10 LOST Inventions That Could Have CHANGED THE WORLD!
Have you ever wondered how more advanced the human species could've been if the Dark Ages never occurred? We're taking a look through the past, from ancient antiquity to modern days, to find inventions that were lost that could've changed the world.
Wireless Power Transmission
Inventor Nikola Tesla was the first to delve into and perform experiments with wireless power transmission at the turn of the 20th century. Between 1891 and 1904, Nikola experimented with the transmission of electrical energy using spark excited radio frequency resonant transformers, now known as Tesla Coils, which generated high AC voltages. With this he was able to transfer power from short distances without wires. The ultimate goal was to transmit electrical energy on a worldwide scale, directly into homes and factories. In 1901, Tesla began construction of a large high voltage wireless power station, now called the Wardenclyffe Tower at Shoreham, that was intended to transmit power worldwide and broadcast information, but sadly, in 1904 his investors pulled the plug.
Sloot Digital Coding System
Dutch electronics technician, Romke Jan Bernard Sloot, announced that he had developed the Sloot Digital Coding System, a revolutionary advance in data transmission, in the late 1990s. He claimed that it could reduce a feature length film down to a file size of approximately 8kB. The decoding algorithm was 370MB, which he demonstrated to Philips executives by simultaneously playing 16 movies from a 64kB chip. Sloot died of a heart attack one day before a beneficial deal was signed by Roel Pieper, former CTO and board member of Philips, a Dutch technology company headquartered in Amsterdam, Netherlands. Philips company would have continued the work if the compiler stored on a floppy disk had not disappeared.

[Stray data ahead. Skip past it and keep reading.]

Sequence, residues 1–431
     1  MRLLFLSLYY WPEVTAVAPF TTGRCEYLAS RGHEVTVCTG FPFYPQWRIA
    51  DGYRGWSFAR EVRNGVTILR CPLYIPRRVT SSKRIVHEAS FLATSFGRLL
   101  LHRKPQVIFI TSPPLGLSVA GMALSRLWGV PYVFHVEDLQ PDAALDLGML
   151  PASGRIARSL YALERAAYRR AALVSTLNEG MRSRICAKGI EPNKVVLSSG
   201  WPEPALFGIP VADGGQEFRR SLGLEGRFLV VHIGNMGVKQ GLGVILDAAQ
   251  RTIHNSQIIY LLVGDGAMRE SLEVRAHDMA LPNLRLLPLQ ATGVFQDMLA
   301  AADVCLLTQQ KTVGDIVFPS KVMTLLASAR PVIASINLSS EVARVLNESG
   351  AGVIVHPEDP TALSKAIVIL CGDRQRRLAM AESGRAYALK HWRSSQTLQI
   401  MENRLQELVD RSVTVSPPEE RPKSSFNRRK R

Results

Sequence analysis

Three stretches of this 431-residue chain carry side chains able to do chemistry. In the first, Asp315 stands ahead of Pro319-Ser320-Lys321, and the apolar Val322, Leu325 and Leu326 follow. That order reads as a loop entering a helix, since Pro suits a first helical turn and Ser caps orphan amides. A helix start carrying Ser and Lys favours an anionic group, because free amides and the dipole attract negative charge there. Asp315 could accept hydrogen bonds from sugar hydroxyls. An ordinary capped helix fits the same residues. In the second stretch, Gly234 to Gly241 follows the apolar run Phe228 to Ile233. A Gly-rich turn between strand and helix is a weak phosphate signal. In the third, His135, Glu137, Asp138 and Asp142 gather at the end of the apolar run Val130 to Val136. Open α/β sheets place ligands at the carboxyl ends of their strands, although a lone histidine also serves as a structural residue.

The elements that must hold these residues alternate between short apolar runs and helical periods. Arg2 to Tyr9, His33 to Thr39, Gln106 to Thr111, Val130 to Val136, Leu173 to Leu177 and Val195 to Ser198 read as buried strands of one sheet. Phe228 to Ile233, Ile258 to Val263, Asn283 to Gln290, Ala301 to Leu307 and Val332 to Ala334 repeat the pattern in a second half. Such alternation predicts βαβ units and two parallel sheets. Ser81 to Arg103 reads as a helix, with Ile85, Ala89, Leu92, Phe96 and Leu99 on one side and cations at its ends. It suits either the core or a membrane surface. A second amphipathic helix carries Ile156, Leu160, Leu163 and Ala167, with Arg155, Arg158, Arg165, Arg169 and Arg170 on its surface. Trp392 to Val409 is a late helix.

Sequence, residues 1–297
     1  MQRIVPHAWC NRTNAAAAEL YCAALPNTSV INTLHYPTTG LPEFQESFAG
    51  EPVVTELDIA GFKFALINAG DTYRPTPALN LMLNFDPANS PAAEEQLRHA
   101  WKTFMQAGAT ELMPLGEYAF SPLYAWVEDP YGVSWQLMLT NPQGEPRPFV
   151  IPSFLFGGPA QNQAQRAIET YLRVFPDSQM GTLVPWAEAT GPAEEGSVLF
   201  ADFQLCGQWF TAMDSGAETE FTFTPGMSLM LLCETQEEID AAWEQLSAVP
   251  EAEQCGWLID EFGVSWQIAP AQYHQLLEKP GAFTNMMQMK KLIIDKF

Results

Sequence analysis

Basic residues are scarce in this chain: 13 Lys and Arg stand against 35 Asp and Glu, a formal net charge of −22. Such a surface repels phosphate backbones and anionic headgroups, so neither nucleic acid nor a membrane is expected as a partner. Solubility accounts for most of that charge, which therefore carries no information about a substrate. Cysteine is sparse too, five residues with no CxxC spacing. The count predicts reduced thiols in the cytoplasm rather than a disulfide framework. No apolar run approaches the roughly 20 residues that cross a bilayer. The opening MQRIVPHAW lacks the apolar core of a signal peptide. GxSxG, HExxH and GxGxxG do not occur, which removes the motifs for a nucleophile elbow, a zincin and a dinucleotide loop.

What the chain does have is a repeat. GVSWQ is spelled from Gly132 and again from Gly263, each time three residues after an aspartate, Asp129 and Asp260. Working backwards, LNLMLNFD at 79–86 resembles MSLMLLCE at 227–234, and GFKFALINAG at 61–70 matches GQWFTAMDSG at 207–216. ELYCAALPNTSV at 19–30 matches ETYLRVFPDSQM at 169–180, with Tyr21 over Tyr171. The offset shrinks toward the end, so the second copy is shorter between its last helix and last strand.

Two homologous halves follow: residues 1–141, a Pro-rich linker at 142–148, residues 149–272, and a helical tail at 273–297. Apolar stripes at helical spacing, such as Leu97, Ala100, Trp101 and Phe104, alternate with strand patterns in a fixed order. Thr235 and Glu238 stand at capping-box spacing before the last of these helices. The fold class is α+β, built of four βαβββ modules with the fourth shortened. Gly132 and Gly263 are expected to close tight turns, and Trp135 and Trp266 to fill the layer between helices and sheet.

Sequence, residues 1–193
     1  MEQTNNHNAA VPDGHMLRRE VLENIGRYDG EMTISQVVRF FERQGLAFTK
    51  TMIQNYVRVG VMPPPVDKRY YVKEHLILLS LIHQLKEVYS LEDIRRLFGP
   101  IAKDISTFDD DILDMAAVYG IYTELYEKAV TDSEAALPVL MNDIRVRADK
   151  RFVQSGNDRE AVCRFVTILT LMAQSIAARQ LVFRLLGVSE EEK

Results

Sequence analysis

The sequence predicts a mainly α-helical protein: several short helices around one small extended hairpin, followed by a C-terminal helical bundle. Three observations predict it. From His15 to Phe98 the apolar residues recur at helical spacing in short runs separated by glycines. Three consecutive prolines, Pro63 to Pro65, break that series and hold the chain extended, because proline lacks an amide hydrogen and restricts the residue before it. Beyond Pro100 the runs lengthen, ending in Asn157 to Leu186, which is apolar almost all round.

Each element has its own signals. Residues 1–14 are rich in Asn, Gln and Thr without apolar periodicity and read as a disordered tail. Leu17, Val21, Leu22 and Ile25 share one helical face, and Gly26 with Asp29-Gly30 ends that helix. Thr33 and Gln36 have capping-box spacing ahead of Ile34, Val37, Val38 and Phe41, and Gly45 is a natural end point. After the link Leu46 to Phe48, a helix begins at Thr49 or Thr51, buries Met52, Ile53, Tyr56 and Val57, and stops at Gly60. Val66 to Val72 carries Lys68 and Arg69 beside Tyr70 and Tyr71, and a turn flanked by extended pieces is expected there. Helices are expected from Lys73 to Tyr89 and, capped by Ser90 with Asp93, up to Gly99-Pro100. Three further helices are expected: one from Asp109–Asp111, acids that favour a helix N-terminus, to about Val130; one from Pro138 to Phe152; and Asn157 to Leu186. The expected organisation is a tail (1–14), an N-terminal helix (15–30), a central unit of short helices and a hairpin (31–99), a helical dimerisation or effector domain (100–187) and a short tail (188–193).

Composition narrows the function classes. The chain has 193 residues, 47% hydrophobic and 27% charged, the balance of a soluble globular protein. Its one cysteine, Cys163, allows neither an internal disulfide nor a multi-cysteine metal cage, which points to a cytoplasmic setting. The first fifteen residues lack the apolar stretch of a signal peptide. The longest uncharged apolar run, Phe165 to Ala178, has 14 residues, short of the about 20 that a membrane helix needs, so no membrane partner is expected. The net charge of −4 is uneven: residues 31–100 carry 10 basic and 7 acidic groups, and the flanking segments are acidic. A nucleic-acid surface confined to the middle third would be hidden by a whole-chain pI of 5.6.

Amateur chemist Maurice Ward invented Starlite during the 1970s and 1980s, receiving a lot of publicity in 1993 when coverage of the science and technology show Tomorrow's World demonstrated some of its properties. Starlite, a name coined by Maurice's granddaughter, Kimberly, was able to be applied to objects where it could be put under intense heat, even withstand a nuclear blast, and come out unscathed. It also did not produce any toxic byproduct or fumes. Starlite's composition is a closely guarded secret that may have died with Maurice Ward in 2011, that contained a variety of organic polymers and copolymers, and both organic and inorganic additives, 21 in all. While several organizations were interested in Maurice Ward's invention, such as NASA, no agreements were solidified.
Tom Ogle Carburetor